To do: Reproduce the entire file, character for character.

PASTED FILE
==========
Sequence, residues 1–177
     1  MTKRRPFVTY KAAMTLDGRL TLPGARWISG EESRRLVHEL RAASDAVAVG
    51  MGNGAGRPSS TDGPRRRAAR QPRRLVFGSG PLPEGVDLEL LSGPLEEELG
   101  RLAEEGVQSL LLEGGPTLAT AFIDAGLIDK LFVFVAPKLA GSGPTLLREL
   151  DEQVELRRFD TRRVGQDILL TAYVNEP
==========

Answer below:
Sequence, residues 1–177
     1  MTKRRPFVTY KAAMTLDGRL TLPGARWISG EESRRLVHEL RAASDAVAVG
    51  MGNGAGRPSS TDGPRRRAAR QPRRLVFGSG PLPEGVDLEL LSGPLEEELG
   101  RLAEEGVQSL LLEGGPTLAT AFIDAGLIDK LFVFVAPKLA GSGPTLLREL
   151  DEQVELRRFD TRRVGQDILL TAYVNEP